It’s Fair. Get Over It.


I got into a LONNNNNG discussion on Marc Andreyko‘s Facebook about Kickstarter and project funding. I’ve had the discussion once a week for the past few months usually with indie comic book writers or artists in the mix. I’ve decided to commit my thoughts on this to this site so I can just post a link to this every week. I think this is going to be a great time saver for me!

If you don’t know what Kickstarter is, it’s a crowd funding platform where “backers” (people with extra money) can “back” a project online. Backers are then rewarded with different perks (depending on the level they gave) for pledging. These range from autographed comics, to original art, to access to private blogs about the creation of the project…really anything. Those who back a project are not investors they are simply giving money to a creative type in exchange for whatever perk is assigned to the dollar amount they have given.

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Since Kickstarter’s inception, many different types of projects have been funded. Comic books, trading card sets, albums, books, underwear, really anything you can imagine. To reiterate, Kickstarter is not profit sharing (you do not own a part of the project), it is not for non-profits, it is simply a method of raising money for the creation of something by giving people something else.

It’s such a simple inclusive idea…why then are people upset? It all started when TV/Movie writer/director Rob Thomas used Kickstarter to fund a Veronica Mars movie. Rob Thomas has been in the entertainment industry for years and has reached a level of success. In short, not the typical Kickstarter creator. What makes this even more unusual is that, while Thomas is the creator of the Veronica Mars TV show, the property is owned by Warner Brothers. Since Thomas had been unsuccessful raising the money needed to produce this movie through traditional means, he took it to the fans directly. Would the fans of the show put their money where their mouth is by backing this movie? Turns out yes. They made Kickstarter history.

The Veronica Mars Kickstarter broke these records:

  • Fastest project to reach $1 million.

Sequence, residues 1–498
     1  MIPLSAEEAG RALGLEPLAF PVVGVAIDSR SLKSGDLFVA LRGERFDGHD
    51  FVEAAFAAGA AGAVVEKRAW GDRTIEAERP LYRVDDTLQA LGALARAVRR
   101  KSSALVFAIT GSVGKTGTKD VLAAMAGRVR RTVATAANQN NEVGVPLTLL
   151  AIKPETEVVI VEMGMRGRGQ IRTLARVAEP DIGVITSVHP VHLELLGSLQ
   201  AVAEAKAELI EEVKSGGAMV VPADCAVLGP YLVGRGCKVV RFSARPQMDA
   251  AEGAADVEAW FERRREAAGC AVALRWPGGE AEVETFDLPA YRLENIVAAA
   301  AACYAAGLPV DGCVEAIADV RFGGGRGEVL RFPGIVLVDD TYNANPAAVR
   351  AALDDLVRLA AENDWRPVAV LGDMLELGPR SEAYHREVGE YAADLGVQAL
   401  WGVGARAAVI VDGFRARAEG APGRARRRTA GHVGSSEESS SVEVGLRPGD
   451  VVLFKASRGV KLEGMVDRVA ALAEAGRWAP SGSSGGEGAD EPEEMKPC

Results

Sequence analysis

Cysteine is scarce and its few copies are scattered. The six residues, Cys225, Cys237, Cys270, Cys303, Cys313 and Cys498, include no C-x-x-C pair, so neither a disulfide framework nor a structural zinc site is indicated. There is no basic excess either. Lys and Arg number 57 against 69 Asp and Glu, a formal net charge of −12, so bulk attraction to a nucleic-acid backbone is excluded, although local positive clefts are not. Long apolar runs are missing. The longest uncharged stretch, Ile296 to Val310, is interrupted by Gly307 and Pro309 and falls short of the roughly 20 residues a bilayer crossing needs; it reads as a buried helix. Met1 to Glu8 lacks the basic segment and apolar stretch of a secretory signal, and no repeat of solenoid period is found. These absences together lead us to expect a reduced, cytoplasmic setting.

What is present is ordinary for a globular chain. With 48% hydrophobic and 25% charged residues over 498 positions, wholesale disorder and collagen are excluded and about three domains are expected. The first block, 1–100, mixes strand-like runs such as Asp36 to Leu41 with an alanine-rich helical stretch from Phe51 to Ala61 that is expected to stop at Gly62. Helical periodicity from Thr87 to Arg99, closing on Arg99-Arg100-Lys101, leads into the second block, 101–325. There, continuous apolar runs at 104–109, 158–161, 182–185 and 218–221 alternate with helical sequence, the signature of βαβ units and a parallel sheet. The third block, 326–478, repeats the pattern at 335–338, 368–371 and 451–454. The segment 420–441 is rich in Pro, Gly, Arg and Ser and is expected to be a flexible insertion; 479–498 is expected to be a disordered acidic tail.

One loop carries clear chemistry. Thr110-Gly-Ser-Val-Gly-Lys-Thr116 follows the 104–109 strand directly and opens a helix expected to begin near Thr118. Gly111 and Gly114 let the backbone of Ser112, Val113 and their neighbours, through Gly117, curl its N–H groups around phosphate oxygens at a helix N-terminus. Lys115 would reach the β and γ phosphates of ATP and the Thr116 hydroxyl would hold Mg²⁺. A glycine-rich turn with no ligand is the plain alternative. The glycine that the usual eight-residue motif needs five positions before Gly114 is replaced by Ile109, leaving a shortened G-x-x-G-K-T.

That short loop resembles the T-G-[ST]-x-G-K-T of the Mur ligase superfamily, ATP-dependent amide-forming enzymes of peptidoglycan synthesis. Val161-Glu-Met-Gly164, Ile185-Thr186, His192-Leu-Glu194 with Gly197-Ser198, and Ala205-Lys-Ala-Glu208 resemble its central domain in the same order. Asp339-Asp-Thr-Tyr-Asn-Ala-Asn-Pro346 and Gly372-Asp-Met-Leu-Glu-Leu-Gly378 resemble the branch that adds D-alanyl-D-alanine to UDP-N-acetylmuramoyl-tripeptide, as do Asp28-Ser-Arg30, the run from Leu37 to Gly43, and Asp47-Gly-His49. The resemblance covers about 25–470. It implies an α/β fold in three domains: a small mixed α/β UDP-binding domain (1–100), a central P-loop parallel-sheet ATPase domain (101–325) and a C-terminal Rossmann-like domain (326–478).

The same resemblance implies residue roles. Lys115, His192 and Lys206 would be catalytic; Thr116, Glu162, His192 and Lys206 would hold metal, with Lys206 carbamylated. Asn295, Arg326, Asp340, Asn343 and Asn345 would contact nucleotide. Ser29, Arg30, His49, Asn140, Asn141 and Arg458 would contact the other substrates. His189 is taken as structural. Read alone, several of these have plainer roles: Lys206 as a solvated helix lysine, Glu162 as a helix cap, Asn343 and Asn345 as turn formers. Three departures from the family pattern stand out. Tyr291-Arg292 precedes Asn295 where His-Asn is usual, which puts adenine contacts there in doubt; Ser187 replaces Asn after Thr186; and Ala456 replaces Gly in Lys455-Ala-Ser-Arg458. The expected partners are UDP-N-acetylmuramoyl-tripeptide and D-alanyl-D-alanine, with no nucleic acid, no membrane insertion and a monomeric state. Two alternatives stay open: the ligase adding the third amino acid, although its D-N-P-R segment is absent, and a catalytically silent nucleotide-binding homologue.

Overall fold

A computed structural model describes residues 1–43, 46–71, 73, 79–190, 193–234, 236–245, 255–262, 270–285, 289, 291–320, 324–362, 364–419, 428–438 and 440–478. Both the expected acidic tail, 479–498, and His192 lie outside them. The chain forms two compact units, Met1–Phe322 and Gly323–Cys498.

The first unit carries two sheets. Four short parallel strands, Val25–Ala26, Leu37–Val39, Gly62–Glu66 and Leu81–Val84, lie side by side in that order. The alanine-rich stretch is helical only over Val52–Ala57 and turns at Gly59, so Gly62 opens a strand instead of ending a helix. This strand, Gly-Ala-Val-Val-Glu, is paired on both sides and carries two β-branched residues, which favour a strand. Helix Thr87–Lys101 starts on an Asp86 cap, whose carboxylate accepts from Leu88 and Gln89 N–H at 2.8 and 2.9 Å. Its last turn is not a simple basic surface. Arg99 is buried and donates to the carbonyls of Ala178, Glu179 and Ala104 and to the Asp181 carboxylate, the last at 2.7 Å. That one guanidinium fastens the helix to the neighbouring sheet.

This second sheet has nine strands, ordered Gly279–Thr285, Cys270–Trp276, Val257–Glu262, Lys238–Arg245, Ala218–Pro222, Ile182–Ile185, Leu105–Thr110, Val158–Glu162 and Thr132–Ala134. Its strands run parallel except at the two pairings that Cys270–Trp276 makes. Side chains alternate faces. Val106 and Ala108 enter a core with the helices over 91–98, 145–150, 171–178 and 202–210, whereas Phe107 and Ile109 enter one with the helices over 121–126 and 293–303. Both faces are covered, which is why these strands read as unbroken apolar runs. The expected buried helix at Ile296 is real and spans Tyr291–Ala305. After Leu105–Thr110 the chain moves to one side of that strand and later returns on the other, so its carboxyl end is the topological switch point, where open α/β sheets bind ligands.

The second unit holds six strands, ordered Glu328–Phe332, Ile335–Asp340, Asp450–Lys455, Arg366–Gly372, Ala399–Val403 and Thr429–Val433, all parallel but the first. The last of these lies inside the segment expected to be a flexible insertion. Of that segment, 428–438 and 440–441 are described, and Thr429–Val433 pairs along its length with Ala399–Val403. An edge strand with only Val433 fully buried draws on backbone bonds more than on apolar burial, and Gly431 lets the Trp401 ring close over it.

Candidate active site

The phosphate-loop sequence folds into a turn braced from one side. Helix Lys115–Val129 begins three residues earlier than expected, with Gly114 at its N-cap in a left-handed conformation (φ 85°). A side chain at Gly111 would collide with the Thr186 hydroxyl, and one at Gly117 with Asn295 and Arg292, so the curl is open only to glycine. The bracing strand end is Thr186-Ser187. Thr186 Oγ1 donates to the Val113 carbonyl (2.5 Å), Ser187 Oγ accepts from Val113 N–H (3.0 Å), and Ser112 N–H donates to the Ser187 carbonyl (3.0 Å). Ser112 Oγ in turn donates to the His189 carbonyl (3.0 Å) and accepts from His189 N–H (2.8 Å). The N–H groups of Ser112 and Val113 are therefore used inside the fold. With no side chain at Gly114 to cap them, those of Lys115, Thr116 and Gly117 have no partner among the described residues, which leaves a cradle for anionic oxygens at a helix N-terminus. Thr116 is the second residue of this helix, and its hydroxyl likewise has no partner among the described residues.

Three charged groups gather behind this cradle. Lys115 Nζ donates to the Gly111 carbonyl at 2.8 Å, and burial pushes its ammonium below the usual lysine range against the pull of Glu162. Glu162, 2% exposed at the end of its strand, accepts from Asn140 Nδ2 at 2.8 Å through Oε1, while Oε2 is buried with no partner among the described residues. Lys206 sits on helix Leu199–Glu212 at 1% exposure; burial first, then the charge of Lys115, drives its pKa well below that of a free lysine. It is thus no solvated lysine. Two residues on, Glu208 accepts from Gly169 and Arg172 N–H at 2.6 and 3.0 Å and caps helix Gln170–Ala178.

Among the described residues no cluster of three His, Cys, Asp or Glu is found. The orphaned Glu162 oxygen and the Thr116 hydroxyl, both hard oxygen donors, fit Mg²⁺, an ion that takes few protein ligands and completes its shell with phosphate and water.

• Fastest project to reach $2 million.
  • All-time highest-funded project in FILM category.
  • Third highest-funded project in Kickstarter history.
  • Most project backers of any project in Kickstarter history

The Veronica Mars Kickstarter needed 2 million to fund the movie for production. It raised 5.7 million. The game had now been changed. The next Kickstarter that got people riled up was actor/director Zach Braff opened up a project on the site in order to fund a small movie of his called “Wish I Was Here”. He received even more criticism because he was a bigger celebrity and probably more well off than Rob Thomas. His Kickstarter goal of 2 million was funded with 3.1 million worth of backer pledges but the Internet was outraged at this member of the Hollywood elite.

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I really think Zach does an amazing job explaining why he used Kickstarter and his answers to critics in this video:

From this point on, the genie is out of the bottle. Hollywood is on to Kickstarter and it’s part of the funding paradigm. Spike Lee has entered the fray and is in the midst (as this is being written) of his own Kickstarter. The fact that people are upset about this verses just not being swayed to give money to specific people is something I do not get. I can understand saying you get more satisfaction giving money to creators who don’t have a lot of money or resources. I don’t see this as a moral problem for those who back more financially secure creators though. Here’s why…

Kickstarter is not begging.

You give a project money and then you get something. Backers are buying things. When you buy a Coke, you are giving money to millionaires who use the money to continue making Coke, profits and funding all kinds of things like political parties, social engineering, etc. You probably already give money to millionaires and billionaires several times a day.

Kickstarter is no profit or risk sharing.

When you back a project you are not a shareholder. You simply bought something knowing where the profits will go. If the project goal is not met, you get your money back. It’s really simple.

No one is making anyone back a project.